Joan Ketterer still recalls the button her son Edward got for donating his baby teeth to what was then a ground-breaking study looking at the effect of nuclear fallout on children born in the St. Louis-area in the 1960s.
"I Gave My Tooth To Science" proclaimed the button, which Edward or "E.J." as his parents called him, proudly wore for days.
But the button was eventually put away. Edward grew up, got married and opened a successful orthodontics practice in Houston. And Joan Ketterer forgot all about the study.
But Tuesday, a New York-based research group released new findings that suggest male tooth donors who ended up with cancer as adults had double the amount of a radioactive isotope created by nuclear fallout than healthy donors who participated in the original St. Louis study.
The new research was spurred by the 2001 reappearance of 85,000 teeth that had been donated for the 1960s study, which was conducted by Washington University scientists. The teeth were found in an old bunker at the university's Tyson Research Center where they had been stuffed into envelopes that included information about the donors, one of whom was Edward Ketterer.
"The toll from bomb fallout is probably far greater than prior estimates," says Joseph Mangano, the lead study author and director of the Radiation and Public Health Project. "Because 40 percent of Americans will be diagnosed with cancer in their lifetime, it is crucial to understand causes such as bomb fallout, so actions to prevent the disease can be taken."
Edward Ketterer's contribution proved to be crucial to the new study. That's because he is one of the 77 male donors diagnosed with cancer who served as case studies.
He passed away in 2006 at the age of 47, just a year after being diagnosed with invasive transitional cell carcinoma. His parents believe his exposure to nuclear fallout may have contributed to his death.
"His doctor always called him his mystery patient because no one understood how he ended up with this cancer, which is a very ugly, unpredictable kind of cancer," said Joan Ketterer, a retired nurse.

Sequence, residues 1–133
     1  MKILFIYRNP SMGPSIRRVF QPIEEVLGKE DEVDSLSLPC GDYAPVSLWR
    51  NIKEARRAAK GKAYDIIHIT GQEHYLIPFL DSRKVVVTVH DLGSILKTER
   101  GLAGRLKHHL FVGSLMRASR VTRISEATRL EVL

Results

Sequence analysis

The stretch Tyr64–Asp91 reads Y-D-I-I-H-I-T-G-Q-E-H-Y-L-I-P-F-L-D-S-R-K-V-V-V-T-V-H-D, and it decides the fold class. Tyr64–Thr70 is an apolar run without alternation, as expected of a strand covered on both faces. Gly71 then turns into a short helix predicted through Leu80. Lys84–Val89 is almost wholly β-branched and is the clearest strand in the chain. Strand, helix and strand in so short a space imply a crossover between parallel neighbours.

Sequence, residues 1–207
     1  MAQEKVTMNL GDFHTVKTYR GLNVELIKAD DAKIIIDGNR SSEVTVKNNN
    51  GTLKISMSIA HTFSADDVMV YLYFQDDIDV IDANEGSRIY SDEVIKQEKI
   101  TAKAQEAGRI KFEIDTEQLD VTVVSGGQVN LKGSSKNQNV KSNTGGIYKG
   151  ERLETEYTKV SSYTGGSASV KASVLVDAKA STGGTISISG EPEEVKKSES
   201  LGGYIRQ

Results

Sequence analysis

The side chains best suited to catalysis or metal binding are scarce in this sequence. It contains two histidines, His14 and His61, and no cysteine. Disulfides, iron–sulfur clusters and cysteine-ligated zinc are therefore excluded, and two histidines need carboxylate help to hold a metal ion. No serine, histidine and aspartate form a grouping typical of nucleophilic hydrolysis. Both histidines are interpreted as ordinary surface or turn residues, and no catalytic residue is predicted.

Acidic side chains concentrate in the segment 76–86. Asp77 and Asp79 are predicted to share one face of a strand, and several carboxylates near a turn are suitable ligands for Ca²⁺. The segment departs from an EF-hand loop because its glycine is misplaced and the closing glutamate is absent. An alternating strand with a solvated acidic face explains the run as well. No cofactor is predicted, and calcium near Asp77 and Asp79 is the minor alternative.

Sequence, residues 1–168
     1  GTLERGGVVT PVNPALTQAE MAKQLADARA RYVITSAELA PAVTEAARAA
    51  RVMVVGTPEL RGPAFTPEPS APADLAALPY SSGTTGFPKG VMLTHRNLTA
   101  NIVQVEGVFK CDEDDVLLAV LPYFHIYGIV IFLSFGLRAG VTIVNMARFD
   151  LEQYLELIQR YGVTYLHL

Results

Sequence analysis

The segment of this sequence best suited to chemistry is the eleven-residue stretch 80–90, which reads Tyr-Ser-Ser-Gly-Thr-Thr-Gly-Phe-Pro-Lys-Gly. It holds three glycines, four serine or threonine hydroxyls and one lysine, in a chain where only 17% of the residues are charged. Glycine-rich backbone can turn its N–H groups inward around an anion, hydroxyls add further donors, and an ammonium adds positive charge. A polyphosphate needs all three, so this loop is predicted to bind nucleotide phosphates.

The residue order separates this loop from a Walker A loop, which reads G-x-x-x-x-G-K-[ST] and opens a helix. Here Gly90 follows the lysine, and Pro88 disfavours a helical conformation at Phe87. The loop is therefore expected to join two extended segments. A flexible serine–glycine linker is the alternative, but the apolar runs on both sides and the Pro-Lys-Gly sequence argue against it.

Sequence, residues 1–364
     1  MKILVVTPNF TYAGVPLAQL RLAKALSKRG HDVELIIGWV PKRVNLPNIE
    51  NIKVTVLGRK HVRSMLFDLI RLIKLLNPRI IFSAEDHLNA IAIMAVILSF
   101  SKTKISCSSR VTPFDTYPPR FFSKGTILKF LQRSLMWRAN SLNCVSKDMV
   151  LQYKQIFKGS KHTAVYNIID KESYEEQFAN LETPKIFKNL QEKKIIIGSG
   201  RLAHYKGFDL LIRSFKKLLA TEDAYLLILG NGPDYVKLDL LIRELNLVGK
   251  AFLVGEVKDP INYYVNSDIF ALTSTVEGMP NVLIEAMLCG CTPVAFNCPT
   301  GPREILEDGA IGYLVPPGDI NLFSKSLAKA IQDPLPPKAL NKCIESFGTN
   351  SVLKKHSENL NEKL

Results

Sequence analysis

The study is a spin-off of the St. Louis Tooth Survey in which more than 300,000 kids sent their teeth to the Greater St. Louis Citizens Committee for Nuclear Information. Washington University scientists analyzed most of the teeth for strontium-90, which was created by the bomb blasts and absorbed by the teeth and bones of infants.
They suspected that the children were exposed by drinking milk from cows and goats that grazed on grass contaminated by fallout. They called it the "milk pathway."
The study concluded that St. Louis children born in 1964 had about 50 times more strontium-90 in their baby teeth than those born in 1950, before the start of atomic testing in Nevada.
"We were given credit for stopping nuclear testing," said Dr. John E. Gilster, who was an associate professor at Washington University's School of Dental Medicine during the original study. "Our work showed that prevailing winds carried radiation to our area and ultimately ended up in kids' teeth."
When the teeth were found in 2001, the university donated them to the Radiation and Public Health Project, a New York-based nonprofit research group looking at the links between disease and nuclear contamination.
The group has been criticized in the past for the methodology of similar studies looking at strontium-90 levels in baby teeth of people who live near nuclear reactors.
The new study, however, draws many of the same conclusions of the Washington University-led study. For example, the new results show that strontium-90 levels were the highest for donors born in 1964.
Of the 85,000 teeth found in storage, 6,340 teeth meet the criteria for the new study. Project officials were able to track down addresses for 2,703 of those donors
Through surveys, they were able to isolate 97 teeth from 77 donors with cancer and compare them to 194 teeth from healthy donors.
Of the cancer survivors, levels of strontium-90 were insignificant, the research shows. But the donors who died of cancer had about 122 percent more of the isotope in their teeth than the healthy donors.
Mangano said he hopes to next study female tooth donors who have been diagnosed with cancer.
For the Ketterers, they say they're happy to know that the donation their son made more than 40 years ago might help others.
"It's ironic," Joan said, "that they were able to track us down after all these years and considering what my son devoted his life to. He was greatly loved by all his patients. He was a great father, a great husband and a wonderful son."
(c) 2009, St. Louis Post-Dispatch.
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